Monthly Archives: December 2011

‘Tis the Season to Not Have Time to Write Anything

So, here’s a link to a cool picture: http://news.yahoo.com/giant-tsunami-shape-clouds-roll-across-alabama-sky-192102289.html

Enjoy!

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Why I Am a Musical Genius, Part 43

So Becky was giving me some ideas of what she wanted from me for Christmas, and one of these things was a good recording of the Mozart Requiem, part of which is played at the end of Amadeus to wrench our hearts out as the poor fellow wastes away and dies.

Wishing to display my musical knowledge in particular and my broad cultural background in general, I asked, “In German or English?”

She hesitated for a second. “It’s in Latin.”

“Oh,” I mumbled. “I knew that.”

Some days are like that.

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Tiny Faces at the Manger

Last night the children’s choirs at our church staged their Christmas musical and if you were there, you had to go home and put on another pair of socks because yours had been charmed off. This yearly event, which I have attended for 38 years now, marks the start of the season of the  Christmas Spirit for me. The church sanctuary was packed, as it always is, with family, friends and unrelated people from the church and community. Scrooge would have had his heart melted without the benefit of visits from the three Ghosts of Christmas had he been present (and had he not been a fictional character!).  We all watched the playing out of the oldest of stories by the youngest among us. There were the shepherds, who usually end up smacking each other with their stuffed sheep at some point; the beautiful angels who sometimes forget their lines; Mary and Joseph, who manage to look like miniature adults but who are not above squabbling like an old married couple off-stage; the three Wise Men, boy who look dignified and serious in their kingly robes; and Baby Jesus, played by a doll from the church nursery.  It’s classic. I hope you’ll come and see it next year.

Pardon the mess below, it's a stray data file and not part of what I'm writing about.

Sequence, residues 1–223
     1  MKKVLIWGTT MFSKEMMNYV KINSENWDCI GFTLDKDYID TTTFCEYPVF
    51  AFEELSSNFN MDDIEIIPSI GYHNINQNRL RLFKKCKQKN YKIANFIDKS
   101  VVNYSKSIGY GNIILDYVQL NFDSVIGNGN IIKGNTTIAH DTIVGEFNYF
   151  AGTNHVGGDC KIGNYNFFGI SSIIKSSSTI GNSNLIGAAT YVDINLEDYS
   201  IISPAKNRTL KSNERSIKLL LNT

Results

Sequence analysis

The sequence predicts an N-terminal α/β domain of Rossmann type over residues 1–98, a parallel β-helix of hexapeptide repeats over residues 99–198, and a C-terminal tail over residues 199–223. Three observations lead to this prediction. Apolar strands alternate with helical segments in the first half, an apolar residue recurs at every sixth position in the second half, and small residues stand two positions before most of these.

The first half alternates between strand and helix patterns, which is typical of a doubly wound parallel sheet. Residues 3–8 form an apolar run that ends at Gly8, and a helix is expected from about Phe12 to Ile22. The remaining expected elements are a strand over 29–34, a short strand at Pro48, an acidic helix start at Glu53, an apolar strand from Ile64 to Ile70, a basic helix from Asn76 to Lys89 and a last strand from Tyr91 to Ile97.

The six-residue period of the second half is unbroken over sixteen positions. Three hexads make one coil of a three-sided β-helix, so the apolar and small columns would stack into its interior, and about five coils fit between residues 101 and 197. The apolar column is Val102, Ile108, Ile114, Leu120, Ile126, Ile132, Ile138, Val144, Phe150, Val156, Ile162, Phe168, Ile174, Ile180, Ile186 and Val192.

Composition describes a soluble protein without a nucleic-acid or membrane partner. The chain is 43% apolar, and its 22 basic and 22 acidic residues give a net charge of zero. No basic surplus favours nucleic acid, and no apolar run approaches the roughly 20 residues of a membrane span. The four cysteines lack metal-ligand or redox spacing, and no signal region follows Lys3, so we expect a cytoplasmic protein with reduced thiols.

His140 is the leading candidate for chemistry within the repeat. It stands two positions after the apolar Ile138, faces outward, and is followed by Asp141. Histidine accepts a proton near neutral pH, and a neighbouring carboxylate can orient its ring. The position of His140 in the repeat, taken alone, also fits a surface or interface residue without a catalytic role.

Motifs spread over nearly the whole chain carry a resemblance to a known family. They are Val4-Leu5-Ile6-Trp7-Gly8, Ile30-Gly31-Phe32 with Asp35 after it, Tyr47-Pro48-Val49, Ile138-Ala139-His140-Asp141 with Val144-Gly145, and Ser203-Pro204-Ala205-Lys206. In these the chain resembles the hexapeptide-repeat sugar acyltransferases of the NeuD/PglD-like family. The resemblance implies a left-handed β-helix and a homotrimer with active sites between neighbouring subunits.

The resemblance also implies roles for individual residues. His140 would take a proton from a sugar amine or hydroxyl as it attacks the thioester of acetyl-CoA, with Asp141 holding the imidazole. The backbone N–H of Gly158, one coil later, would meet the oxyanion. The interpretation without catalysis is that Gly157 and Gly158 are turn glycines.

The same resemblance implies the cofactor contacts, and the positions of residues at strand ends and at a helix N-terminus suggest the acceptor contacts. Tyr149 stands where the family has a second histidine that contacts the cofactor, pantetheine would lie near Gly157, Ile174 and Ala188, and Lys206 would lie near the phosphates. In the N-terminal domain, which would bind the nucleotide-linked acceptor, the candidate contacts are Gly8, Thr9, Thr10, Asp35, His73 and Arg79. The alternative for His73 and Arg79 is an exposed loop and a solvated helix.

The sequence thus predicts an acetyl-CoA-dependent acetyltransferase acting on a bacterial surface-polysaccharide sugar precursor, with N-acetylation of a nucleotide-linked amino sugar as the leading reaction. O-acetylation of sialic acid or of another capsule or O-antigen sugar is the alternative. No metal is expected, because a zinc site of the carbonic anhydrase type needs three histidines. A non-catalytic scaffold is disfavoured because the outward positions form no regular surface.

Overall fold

My wife Becky has directed this enterprise most of the time she has been on staff at the church, and it involved sixteen choir leaders with a combined experience working with children and music of about 279 years. Some of the children in the production last night are children themselves of people who were in past shows. And some of the children in past productions are choir leaders: our adult children Amy and Alyssa direct and lead the Celebration Choir for grades one and two (along with Stan “Mr. Stan” Wallace and Diana “Amish” Hodgson), and Bridget Rose and Liz Yeun who also help with the choirs.

Thank you, children, leaders, families, friends and everyone else for a ray of light in a world that is still shrouded in darkness. It was once the oldest and newest of all stories.

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Random List of Words I Like

Well, it’s actually one of the words from a random list, etc. Either because of their sound or meaning or origin or the way they look when written out or just because. I think I’ll do one a week since this is long enough as is. This week’s word is:

badinage: This means light banter or joking. It came into English about 1650–60 from French,  equivalent to badin ( er ) to joke, trifle (verbal derivative of badin  joker, banterer < Old Provençal:  fool; bad ( ar ) to gape (< Vulgar Latin batāre; compare bay) + -in  < Latin -īnus -ine) + -age. (Source the 2011 Random House Dictionary)

  The Random House Dictionary 2011. (Isn’t it just like being back in English class in high school?  Thought so.)